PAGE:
GL: If there was a lockout, I would have done it. It’s a great experience. Learning from another coach, improving your international game. Those guys come play over here so why shouldn’t guys from go play over there?
SLAM: Do you see there being a season?
GL: I think so. It’d be terrible for the fans. The NBA’s done a great job incorporating the fans on a global level and they can’t let the negotiations between players and the owners stop that success. The TV contracts too. There’s a lot of money to be made and neither side wants to lose out.
SLAM: Do you have team or a player(s) that you find yourself rooting for in today’s game?
GL: I’m a Carolina guy. So I like to watch those guys develop. The Mavs were great to watch as a team, they didn’t just go and try to build up a power by signing guys.
SLAM: It’s a younger league than it was when you were starting out. What are your thoughts on that trend?
GL: If they can play and handle the responsibility of being in the League, it’s great. But you see guys out there making mistakes, and I think those failures fall on the organizational as well. If they had mentors to help guys get in line.
When I was coming up I came onto a team with Magic, James Worthy and Sam Bowie—great veterans who took the time to share with the younger guys.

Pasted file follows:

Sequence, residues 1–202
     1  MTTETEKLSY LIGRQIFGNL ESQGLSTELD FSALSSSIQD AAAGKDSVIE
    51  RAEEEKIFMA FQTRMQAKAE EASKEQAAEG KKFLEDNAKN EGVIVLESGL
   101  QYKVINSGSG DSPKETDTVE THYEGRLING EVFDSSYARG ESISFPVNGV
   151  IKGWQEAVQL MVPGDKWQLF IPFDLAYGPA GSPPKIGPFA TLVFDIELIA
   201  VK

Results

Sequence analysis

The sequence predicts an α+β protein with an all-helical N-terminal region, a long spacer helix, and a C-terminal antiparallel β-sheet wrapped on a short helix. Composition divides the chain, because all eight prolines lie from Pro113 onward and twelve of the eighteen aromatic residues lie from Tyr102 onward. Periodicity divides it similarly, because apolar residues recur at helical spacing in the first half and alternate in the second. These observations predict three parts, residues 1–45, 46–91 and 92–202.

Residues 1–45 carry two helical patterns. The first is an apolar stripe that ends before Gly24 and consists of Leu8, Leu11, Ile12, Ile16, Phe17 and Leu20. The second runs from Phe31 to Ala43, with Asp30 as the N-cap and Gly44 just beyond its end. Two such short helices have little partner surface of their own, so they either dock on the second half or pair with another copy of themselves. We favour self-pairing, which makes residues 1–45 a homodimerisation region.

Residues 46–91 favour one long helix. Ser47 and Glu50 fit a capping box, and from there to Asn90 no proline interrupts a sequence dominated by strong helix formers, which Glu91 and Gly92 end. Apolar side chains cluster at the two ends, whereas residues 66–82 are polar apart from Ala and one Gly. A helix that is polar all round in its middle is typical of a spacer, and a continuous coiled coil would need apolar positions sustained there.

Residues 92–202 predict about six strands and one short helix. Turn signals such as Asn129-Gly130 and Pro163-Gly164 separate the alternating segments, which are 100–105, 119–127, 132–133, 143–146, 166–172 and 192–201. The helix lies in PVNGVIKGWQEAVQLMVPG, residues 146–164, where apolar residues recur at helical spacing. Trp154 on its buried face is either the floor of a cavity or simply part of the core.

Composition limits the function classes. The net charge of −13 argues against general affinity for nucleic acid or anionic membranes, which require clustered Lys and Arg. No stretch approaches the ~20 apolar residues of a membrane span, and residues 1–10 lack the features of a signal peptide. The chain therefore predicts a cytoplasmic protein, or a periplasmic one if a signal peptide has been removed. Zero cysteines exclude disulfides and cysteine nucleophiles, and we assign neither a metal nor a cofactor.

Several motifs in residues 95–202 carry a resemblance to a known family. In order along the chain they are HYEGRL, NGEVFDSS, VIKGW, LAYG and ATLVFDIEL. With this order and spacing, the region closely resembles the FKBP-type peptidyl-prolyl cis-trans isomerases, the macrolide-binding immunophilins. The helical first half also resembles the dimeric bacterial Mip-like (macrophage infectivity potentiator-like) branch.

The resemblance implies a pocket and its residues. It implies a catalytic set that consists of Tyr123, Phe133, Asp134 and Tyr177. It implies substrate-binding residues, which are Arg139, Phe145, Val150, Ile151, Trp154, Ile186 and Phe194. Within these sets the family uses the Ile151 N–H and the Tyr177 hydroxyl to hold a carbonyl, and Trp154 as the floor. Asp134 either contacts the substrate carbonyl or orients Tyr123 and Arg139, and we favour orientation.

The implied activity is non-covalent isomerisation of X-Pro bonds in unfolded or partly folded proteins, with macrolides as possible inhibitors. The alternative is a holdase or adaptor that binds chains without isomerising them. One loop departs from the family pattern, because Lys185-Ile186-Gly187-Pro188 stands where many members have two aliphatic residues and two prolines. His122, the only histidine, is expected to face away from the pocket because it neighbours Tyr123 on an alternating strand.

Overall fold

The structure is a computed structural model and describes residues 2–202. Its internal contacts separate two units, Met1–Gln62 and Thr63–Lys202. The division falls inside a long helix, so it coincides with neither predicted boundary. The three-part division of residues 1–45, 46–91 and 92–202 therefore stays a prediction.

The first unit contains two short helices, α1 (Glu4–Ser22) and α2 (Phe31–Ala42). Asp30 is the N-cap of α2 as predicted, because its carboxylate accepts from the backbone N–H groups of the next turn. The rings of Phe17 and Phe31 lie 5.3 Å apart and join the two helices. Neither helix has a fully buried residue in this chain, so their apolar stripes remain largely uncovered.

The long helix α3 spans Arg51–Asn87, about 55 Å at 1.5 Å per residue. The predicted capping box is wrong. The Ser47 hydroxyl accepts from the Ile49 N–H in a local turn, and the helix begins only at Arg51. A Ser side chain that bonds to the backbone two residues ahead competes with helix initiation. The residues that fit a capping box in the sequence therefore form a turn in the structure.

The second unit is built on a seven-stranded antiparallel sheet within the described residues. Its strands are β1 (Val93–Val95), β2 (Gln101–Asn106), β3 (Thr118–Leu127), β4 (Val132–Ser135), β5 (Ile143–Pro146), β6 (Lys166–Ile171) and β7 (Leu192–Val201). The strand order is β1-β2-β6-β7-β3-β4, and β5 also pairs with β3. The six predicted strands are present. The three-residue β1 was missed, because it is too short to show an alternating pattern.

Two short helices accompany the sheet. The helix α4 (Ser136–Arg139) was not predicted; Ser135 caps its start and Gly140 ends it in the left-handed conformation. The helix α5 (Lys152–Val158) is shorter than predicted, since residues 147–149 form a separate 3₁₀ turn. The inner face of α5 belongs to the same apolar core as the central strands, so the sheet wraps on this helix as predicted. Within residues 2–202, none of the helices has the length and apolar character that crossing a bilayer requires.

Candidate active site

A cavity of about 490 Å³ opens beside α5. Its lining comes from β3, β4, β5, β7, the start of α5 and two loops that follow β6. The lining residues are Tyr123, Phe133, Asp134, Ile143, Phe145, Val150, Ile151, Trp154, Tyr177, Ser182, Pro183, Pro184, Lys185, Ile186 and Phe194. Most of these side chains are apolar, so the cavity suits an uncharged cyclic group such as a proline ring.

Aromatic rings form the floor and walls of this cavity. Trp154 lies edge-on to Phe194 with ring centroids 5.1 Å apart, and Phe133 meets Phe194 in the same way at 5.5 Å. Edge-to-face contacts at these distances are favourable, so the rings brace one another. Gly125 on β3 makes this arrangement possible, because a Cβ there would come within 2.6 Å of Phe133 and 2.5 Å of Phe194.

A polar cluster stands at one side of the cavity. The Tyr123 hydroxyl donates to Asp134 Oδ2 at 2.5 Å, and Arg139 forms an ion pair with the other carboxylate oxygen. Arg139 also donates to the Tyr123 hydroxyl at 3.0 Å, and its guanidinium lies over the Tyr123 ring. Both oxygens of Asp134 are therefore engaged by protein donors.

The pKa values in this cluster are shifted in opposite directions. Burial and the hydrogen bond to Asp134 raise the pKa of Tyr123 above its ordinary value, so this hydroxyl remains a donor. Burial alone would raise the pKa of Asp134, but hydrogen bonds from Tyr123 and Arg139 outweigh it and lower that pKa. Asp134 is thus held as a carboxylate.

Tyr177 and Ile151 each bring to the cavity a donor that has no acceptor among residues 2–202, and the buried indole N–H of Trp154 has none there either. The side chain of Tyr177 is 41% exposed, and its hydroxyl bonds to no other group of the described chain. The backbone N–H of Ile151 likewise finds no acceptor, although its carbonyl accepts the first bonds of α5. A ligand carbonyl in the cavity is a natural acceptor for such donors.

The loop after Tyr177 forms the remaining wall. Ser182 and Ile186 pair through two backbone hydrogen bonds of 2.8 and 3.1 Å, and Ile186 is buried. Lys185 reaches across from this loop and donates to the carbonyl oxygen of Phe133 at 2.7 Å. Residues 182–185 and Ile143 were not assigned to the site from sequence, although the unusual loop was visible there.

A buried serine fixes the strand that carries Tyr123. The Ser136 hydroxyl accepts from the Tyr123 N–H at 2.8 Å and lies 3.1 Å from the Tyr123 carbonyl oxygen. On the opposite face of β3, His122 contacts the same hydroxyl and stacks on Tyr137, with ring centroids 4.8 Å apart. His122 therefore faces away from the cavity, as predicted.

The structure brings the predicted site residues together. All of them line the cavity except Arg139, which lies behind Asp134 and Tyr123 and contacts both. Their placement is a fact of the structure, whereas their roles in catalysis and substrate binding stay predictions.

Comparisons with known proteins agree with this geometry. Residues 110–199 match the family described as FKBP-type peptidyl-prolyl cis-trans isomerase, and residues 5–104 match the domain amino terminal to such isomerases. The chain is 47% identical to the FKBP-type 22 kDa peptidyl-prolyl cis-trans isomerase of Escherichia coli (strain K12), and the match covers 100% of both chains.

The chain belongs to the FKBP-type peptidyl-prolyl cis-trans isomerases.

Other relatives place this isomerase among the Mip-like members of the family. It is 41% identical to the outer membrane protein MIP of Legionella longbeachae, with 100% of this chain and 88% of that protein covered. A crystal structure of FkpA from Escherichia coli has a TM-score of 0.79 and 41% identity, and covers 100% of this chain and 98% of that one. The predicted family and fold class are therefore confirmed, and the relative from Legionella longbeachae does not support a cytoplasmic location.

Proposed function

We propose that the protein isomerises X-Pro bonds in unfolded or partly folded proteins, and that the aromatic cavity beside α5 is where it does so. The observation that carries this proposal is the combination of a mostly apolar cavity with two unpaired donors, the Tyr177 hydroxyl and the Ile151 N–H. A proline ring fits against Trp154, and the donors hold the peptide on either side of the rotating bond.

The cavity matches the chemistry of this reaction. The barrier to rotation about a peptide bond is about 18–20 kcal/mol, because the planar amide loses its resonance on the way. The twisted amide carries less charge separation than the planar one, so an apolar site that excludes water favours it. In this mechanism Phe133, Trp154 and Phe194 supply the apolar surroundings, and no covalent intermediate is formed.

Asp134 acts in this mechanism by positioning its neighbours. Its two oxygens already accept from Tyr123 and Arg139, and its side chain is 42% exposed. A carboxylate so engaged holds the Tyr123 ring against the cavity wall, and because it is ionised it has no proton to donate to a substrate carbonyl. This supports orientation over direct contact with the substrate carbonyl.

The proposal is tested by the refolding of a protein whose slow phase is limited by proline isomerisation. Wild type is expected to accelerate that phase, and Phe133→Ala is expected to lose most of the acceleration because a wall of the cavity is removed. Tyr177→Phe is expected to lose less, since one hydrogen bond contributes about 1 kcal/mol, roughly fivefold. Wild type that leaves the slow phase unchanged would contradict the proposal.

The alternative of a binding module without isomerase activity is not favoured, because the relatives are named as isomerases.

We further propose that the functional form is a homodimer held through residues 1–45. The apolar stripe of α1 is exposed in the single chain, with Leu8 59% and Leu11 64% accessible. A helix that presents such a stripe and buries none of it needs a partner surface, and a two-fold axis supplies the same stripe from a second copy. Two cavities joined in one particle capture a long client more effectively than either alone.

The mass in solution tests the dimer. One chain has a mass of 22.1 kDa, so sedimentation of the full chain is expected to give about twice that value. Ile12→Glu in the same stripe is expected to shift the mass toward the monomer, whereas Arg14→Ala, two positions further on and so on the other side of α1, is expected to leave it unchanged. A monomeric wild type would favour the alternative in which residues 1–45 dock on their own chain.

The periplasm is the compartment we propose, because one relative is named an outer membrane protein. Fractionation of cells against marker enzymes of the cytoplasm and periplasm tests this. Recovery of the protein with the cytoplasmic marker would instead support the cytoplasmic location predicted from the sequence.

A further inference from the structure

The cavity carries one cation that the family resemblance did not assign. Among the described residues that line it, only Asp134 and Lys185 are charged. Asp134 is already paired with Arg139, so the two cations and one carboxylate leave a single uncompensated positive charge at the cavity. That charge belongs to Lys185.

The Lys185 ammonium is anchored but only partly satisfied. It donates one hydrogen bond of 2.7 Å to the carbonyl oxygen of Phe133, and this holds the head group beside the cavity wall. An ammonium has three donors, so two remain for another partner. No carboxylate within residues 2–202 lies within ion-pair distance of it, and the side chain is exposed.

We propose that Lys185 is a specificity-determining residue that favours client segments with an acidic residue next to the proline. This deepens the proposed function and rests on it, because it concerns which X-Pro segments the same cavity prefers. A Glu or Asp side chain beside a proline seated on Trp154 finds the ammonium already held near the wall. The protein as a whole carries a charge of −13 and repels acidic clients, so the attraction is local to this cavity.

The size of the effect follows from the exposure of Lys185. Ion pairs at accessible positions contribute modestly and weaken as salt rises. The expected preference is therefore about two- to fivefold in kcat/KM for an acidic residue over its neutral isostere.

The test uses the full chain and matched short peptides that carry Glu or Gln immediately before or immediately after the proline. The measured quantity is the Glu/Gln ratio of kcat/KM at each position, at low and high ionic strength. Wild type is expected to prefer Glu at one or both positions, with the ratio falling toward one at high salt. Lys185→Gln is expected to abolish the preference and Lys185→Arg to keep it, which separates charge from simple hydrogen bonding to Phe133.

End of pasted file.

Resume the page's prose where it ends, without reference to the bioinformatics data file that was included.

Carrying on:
Now, some of these guys are so young and they’re not getting mentor themselves so they can’t reach out to the rookies, cause its not that they don’t want to its just that no one showed them how to do it. If you don’t go to college for two three years you don’t even know what you’re doing with yourself so what do you have to share with those new guys.
SLAM: Could you talk about the end of your career and the transition out of the League?
GL: Like a lot of other guys, it happened unexpectedly. My last two years in Charlotte I had planter fasciitis and I wasn’t able to play, I couldn’t get in shape for training camp. So I decided to give it up and spend time with my family. But in my experience, there’s nothing in place that prepares guys for life after basketball.
Hopefully, you’ve gotten good financial advice. And hopefully you make friendships and relationships along the way so that you can reach back and talk to someone to help you guide you in the right direction. I’m where I’m at now through that process and hope to keep moving towards my getting a job on a bench.